Robert King Wilkerson, member of the Angola Three and former political prisoner, was the guest speaker at Ujamaa Residential College’s Unity Hour yesterday. Wilkerson detailed the events surrounding his incarceration and eventual release in 2001 to a diverse audience. He continually invited the crowd to critically examine issues concerning human rights, civil liberties, and indoctrinated notions of law justice, by focusing the way his membership in the Black Panther Party has affected his convictions.
Wilkerson first became involved in the Black Panther Party while serving time for a 1971 armed robbery conviction. While in Angola State Prison, Wilkerson was introduced to Herman Wallace and Albert Woodfox, who had formed the only official prison chapter of the Black Panther Party. This chapter formed to improve conditions such as continual brutality, long work days, and various psychological abuses.
Wilkerson questioned the politics of justice by telling the tale of his 1973 trial for a crime he allegedly committed while in prison. During the trial Wilkerson and his co-defendant were gagged and bound as they sat and listened to the evidence against them, Wilkerson said. Wilkerson continually conveyed his belief that he was charged with this crime simply because of his involvement with the Black Panther Party. Wilkerson’s co-defendant was prevented from taking full responsibility of the murder of another inmate. Wilkerson was also convicted of this crime and went through the long process of appeals.
All three men were placed in solitary confinement, which entailed spending 23 hours a day in six-by-nine foot cells. The men continued their work of improving conditions for prisoners by organizing hunger strikes, and most importantly learning the law. As Wilkerson stated, “You learn the law by accident.”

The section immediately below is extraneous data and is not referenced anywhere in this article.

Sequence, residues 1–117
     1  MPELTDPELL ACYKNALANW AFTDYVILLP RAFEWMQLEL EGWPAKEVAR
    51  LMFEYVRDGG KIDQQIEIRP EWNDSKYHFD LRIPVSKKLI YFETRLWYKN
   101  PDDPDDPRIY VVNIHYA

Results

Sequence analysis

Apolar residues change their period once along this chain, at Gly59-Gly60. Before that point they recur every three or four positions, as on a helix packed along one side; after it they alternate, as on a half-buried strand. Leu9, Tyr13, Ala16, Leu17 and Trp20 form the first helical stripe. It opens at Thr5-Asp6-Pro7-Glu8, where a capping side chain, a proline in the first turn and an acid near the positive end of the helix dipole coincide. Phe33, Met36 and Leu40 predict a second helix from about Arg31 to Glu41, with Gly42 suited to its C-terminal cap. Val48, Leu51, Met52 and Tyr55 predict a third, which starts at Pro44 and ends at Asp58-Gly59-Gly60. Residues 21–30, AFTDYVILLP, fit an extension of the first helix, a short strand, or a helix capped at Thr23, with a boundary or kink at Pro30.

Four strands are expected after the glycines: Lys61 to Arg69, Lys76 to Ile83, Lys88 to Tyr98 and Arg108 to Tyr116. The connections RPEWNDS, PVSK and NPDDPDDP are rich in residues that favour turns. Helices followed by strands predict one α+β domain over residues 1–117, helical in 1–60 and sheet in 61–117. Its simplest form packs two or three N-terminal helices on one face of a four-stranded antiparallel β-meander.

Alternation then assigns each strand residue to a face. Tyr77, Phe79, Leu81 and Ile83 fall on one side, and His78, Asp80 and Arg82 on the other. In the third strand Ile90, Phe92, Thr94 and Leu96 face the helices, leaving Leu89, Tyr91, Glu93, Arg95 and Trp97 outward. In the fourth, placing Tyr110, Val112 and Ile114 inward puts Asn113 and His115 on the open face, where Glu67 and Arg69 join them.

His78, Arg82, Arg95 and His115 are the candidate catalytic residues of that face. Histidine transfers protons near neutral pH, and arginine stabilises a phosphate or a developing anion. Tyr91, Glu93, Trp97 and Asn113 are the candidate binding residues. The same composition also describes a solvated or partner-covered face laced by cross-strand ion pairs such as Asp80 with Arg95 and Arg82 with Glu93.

The event was co-sponsored by Ujamaa Residential College and Delta Sigma Theta sorority. Key organizer Zahirah Alleyne ’03 felt the event was important because “we’ve had political prisoners as a topic before, but not too many students truly understand what a political prisoner is, and I figured that he would be able to shed some light on the matter.”
When asked what she felt was one of Wilkerson’s most important points, Miska Shaw ’04 responded, “I thought his point about continual struggle [was] most important because, especially as college students, we tend to view life as a linear journey from one point to the next; however, as Wilkerson stated, life is full of continual struggles and there isn’t a ‘light at the end of the tunnel.'”
Wilkerson placed his experience within the context of American society. “Terrorism didn’t start 9/11; it started way back when [former FBI Director J. Edgar] Hoover began to terrorize and dismantle the Black Panther Party in the 1960s and 70s. America does not have a monopoly on what does or doesn’t constitute terrorism; we need to see terrorism in all its light,” he said. Wilkerson later went on to state that “people need to know that prisons are a legal form of slavery and it is a sore that, if left unattended, can become cancerous.”
Herman Wallace and Albert Woodfox are still serving life sentences in Angola, and Wilkerson feels that it is his duty to travel the world and tell the story, which he hopes will eventually set these men free. As he stated, “Even though I am free of Angola, Angola will never be free of me. America prides itself with embracing human rights but it has Black Panther Party members wasting away in prison because they stood up to the state.”
When asked if he still believed in the justice system, Wilkerson responded, “I believe in justice, but as far as the system goes, you have to look at who the justice (if any) is for; you can be guilty in the eyes of the law, but morally innocent, and legality takes precedent over morality.”
Archived article by Cassandra Wilson